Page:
DUBLIN, Ohio (WCMH) — Silicon Valley might be the tech-hub of the nation, but the next wave of innovation in the country could happen right here in Central Ohio.

“When we think, ‘Why here?’ versus, ‘Why?’ some of the other economies, some of the other cities, it’s really the ecosystem that we promote,” explains Jake Kaufman from Adept Marketing.

Dublin and Marysville are connected by a 35-mile stretch of highway. But the US-33 corridor is more than a link between two cities — it connects a shared vision of the future.

“This high-tech corridor is something that really underlines the importance of this northwest quadrant to the Columbus region,” says Eric Phillips, the Director of Economic Development for Union County.

Area leaders refer to it as the “33 Smart Mobility Corridor.” What makes it “Smart,” are the 423 strands of fiber and roadside technology along that stretch.

“That fiber along the corridor is a significant investment, and it really is the foundation to all of this technology that’s able to be tested,” says Megan O’Callaghan, who serves as the Deputy City Manager and Chief Finance and Development Officer for the City of Dublin.

It all started as a broadband project five years ago. But now, their efforts have propelled the region into, what they say, could be the next Silicon Valley.

“There’s a high sector of tech talent here. Lots of engineering talent, STEM talent. Great industry exists in this territory, in this region,” Kaufman adds.

Leaders from different areas in the region formed a Council of Governments.

They tasked Adept Marketing with developing a brand that would promote the region’s commitment to future innovation.

They call it “The Beta District” — a nod to the types of engineering and tech-driven companies the region wants to attract.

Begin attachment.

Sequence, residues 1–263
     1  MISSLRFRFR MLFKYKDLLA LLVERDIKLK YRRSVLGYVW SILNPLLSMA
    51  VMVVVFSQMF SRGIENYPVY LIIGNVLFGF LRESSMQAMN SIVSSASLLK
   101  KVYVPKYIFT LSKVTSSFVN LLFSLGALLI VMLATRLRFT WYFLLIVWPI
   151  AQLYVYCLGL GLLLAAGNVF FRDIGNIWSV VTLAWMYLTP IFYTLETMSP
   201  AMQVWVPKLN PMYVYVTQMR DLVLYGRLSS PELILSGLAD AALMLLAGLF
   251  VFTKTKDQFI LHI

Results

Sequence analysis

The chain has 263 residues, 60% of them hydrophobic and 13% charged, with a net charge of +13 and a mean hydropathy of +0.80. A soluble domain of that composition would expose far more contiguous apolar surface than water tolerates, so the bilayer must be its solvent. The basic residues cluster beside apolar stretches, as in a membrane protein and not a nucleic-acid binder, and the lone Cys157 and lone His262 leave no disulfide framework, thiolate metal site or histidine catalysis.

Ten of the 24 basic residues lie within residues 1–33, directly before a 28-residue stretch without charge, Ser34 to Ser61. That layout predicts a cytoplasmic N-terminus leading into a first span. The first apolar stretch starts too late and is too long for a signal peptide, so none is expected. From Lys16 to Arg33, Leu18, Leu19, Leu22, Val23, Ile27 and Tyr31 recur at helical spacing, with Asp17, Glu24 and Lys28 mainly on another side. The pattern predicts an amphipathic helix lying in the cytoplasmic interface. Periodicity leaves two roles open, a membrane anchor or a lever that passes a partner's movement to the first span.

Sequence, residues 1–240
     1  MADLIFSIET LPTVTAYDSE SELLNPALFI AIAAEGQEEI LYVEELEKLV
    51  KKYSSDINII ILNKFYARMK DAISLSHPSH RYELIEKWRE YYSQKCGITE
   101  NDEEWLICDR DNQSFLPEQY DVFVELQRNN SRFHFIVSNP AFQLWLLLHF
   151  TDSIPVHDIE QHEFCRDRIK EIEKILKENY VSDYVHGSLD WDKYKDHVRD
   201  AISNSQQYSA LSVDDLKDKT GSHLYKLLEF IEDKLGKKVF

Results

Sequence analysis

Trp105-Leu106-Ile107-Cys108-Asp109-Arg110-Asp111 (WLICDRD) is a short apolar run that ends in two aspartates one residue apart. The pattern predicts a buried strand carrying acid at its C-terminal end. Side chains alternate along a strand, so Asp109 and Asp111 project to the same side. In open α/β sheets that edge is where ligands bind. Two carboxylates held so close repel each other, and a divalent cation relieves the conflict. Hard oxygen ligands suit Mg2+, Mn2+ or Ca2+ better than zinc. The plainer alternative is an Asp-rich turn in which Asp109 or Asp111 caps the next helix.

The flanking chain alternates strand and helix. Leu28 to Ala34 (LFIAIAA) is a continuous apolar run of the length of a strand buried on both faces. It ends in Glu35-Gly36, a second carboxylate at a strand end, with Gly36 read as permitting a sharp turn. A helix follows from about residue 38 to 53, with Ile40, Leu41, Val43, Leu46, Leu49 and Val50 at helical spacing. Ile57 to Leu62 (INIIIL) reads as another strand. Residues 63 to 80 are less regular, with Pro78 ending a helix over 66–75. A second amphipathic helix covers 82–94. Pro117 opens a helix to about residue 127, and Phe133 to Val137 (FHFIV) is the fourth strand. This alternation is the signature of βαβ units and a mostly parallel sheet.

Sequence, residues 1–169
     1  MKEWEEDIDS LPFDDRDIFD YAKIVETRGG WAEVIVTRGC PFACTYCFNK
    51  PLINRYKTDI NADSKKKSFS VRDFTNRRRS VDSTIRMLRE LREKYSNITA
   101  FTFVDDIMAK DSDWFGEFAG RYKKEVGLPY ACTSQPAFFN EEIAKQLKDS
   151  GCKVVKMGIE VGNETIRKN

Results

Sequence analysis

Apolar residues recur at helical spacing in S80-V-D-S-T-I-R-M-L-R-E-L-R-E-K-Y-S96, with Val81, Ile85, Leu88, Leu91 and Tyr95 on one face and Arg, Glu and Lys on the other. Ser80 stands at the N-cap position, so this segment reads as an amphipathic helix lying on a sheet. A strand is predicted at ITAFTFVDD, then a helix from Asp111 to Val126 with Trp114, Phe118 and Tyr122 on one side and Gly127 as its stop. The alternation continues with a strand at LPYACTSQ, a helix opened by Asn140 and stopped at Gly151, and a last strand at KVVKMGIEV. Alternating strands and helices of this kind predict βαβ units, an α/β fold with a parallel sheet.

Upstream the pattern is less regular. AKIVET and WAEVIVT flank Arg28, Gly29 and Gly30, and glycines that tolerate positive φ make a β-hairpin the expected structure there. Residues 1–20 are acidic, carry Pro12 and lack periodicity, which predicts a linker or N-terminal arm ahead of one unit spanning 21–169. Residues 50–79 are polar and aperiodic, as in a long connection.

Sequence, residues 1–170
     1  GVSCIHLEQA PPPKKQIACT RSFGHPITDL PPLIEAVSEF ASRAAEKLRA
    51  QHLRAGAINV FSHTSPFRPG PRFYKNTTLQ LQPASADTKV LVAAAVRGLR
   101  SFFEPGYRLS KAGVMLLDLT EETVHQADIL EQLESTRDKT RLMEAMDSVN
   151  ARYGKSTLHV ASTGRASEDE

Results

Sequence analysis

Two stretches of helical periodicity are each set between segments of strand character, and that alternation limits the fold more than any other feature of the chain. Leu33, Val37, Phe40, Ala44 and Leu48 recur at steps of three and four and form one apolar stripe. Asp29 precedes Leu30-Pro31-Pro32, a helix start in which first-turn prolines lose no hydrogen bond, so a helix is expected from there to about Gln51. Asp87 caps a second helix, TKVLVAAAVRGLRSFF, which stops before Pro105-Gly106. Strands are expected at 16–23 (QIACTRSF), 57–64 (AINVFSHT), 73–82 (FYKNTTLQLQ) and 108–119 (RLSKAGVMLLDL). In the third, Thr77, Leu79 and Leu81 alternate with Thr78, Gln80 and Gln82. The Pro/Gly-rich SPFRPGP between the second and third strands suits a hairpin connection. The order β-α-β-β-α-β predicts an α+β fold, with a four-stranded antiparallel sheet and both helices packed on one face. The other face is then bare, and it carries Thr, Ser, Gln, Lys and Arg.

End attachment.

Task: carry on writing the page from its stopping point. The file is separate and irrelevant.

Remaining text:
“We want to invite companies from all over the world to come and do testing, and then hopefully they will find Dublin to be home,” O’Callaghan describes.

The U.S. 33 corridor is home to more than 70 automotive companies and produces more cars annually than another other corridor in the state.

“Over $100 million dollars has been invested into smart technologies,” according to Phillips, who says that the region’s automotive success is about much more than vehicle manufacturing.

For example, through the growing research and development sector, technology being tested at intersections and roundabouts could mean more safety communication between cars.

It can even study parking habits.

“Great opportunity here to test that technology in the real world, and then validate that technology in front of those companies,” Kaufman encourages.

But the future of the area goes behind cars and vehicle technology.

Dublin residents experience the movement everyday through the city’s responsive technology app, which provides two-way communication for residents with the city.

As well as through the Dublink broadband network, that was expanded to serve those in outlying areas.
For area leaders like O’Callaghan, it’s all building unbreakable connections– a theme for their growing city.

“Connected goes to those partnerships, it goes to making connections between the vehicles, it goes to communicating and engaging with our residents,” O’Callaghan says.

And through creating lasting economic stability, the sky is the limit for The Beta District.

“Creating an ecosystem like this to be supportive of our existing companies is so important, but also to attract new partners and businesses going forward,” says Phillips.